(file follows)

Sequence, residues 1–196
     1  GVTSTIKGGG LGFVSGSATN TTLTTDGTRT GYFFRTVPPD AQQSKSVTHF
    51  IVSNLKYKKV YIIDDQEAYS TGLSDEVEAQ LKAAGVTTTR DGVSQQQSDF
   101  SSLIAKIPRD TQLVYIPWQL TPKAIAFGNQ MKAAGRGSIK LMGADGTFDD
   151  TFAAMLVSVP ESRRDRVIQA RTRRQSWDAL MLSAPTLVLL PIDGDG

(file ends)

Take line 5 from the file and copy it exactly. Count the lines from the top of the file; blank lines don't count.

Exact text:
   151  TFAAMLVSVP ESRRDRVIQA RTRRQSWDAL MLSAPTLVLL PIDGDG